As the exhibition title hints, it is all about the desolate feeling of being trapped between two options, unable to move backwards or forwards. And the paintings, even when they are products of external influences, are also eloquent expressions of the artist’s thought process. 

A view of the artist’s studio

So, does he consider himself a victim of some sort? No, not quite. Faced with the consequences of his previous decisions, which triggered creation’s inexorable reciprocal actions, he resigned himself to a dull acceptance of it all. Somehow, he senses that these final effects of his decisions must not be seen as unjust. He was, he narrated, orphaned at the age of 12 and he found himself early in life entangled in paths that led to experiences that matured him inwardly. Hence, he tends to see the more positive aspect of growing up without his parents. This influenced his outlook on life, a circumstance he likens to praying for oneself because no one else will. As a result, one matures swiftly and acquires such athletic attributes as endurance and inner stability. About his upbringing, he said, “It’s always very abstract when I talk about it, but the works themselves bear the imprints of those years.”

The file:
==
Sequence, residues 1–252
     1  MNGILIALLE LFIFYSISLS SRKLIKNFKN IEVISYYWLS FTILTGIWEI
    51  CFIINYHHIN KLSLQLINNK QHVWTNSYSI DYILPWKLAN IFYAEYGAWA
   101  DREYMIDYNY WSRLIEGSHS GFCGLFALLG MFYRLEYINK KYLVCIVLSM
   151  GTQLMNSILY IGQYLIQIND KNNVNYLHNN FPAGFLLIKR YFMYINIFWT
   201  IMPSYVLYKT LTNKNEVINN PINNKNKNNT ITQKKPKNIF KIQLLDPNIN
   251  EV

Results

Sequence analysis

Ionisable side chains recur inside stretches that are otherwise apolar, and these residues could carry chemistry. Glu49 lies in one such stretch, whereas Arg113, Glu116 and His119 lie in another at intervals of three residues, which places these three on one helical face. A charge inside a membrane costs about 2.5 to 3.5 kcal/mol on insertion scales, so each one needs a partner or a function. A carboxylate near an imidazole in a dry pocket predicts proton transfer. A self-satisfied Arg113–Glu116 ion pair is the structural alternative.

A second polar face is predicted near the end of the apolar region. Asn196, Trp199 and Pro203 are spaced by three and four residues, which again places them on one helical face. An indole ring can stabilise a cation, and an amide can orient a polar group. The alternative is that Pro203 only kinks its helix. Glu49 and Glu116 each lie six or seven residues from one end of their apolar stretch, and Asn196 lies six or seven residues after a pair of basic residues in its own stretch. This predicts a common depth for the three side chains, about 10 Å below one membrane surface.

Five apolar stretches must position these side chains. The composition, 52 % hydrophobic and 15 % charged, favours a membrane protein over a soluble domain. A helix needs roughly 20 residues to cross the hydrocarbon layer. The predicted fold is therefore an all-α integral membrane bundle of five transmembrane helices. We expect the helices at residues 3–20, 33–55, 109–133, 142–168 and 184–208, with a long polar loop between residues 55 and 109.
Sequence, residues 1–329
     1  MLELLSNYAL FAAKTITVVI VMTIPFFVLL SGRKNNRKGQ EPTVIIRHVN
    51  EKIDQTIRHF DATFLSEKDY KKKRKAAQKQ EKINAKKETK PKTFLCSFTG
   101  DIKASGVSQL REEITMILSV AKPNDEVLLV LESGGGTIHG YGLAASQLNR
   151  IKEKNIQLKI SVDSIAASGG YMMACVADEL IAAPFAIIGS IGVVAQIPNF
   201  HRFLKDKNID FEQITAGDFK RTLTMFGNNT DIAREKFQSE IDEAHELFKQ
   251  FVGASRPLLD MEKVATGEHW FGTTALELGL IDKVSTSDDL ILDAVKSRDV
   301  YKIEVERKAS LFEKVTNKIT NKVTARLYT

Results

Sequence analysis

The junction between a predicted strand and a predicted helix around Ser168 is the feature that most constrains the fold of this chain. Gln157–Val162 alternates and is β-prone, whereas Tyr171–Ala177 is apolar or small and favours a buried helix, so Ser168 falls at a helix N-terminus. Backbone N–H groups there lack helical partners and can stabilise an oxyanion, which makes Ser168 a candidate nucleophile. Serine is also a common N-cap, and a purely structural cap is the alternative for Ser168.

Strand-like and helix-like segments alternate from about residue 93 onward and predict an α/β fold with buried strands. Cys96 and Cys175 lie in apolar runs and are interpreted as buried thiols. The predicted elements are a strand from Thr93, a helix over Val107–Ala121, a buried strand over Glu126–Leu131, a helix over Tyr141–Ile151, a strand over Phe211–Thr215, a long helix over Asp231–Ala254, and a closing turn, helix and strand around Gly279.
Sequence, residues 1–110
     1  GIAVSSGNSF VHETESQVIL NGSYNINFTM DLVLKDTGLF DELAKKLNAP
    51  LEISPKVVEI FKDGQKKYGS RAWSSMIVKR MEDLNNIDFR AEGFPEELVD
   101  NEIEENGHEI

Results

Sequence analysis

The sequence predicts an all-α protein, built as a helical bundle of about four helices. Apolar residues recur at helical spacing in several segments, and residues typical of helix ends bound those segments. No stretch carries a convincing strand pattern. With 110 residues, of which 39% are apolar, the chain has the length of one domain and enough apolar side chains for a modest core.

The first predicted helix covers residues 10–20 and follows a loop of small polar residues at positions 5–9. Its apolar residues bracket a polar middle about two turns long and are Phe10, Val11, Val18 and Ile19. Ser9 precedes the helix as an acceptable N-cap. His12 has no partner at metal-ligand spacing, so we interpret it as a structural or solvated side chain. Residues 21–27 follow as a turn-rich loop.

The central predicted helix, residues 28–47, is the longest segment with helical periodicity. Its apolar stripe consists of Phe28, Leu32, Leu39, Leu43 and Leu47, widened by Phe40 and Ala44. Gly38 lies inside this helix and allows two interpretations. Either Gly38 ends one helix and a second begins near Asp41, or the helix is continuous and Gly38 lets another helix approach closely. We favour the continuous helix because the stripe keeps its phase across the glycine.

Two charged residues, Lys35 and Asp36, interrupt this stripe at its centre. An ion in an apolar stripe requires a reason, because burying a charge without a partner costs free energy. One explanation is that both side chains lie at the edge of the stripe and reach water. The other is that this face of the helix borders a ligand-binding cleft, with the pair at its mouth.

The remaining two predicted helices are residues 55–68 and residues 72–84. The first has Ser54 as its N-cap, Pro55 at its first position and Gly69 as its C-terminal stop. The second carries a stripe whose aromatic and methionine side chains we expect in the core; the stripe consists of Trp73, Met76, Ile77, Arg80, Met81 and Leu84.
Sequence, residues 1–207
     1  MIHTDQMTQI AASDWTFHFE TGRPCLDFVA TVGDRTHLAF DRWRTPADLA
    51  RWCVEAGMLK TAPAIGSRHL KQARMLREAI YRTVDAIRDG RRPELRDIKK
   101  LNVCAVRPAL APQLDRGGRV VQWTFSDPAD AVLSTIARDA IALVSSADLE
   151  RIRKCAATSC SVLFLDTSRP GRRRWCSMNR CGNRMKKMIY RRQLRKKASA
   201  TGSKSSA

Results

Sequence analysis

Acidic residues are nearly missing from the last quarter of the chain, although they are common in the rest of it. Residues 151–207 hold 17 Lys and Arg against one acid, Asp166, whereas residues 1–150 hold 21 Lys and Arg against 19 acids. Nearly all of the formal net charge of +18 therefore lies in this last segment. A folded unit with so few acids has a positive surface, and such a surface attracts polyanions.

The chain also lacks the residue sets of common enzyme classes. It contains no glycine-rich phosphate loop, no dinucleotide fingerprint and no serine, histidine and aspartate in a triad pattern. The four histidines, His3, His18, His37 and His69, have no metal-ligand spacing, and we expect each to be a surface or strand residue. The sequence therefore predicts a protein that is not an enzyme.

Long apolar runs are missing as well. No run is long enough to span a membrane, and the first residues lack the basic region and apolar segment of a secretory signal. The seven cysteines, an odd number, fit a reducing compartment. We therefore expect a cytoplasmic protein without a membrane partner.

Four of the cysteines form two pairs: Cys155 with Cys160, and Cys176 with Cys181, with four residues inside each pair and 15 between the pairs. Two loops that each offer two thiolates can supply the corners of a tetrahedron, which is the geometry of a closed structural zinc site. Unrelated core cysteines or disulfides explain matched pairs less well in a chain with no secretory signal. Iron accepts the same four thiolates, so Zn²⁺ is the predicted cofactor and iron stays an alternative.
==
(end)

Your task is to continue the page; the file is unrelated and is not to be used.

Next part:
Apparently, the neighbourhood in Port Harcourt where he grew up was not the kind of place where a child with true childlike qualities would have wanted to spend a long time. The Akwa Ibom State native recalled, “You always seemed to be chasing something, or the realities of this environment seemed to be chasing you. It made movement consistent and fluid, slippery, unsure, and uncertain at times.”

Even if it wasn’t the kind of neighbourhood where anyone would want to raise their children, it didn’t qualify as a slum or fit into a particular type of neighbourhood. “There was just something about it and the people who were discovered there that I couldn’t put my finger on. It’s almost as if the ne’er-do-wells chose to live there. As a kid, I didn’t like the fact that all you saw were drunks. The school and the church were the only places that were different.”

Another view of Igwe’s studio

As a result, his works are likely to be influenced by his experiences over the aforementioned years. Even when the paintings aren’t about him, they tend to embody something with which the viewer may identify. And style? He didn’t choose it. It so to speak thrust itself upon him. His wordless musings on “very specific individuals, places, personal events, and memories” resolve into shapes that embody and express their core meanings.

“While I use a variety of materials and processes in each project, my approach is consistent,” he writes further in his artist statement. “Although there may not always be material similarities between the different projects, they are linked by recurring formal concerns and through the subject matter. The subject matter of each body of work determines the material and forms of the work and research. By merging these multilayered narratives, the artist makes paintings that reflect the people he encounters and the general public, yet they are essentially self-portraits.”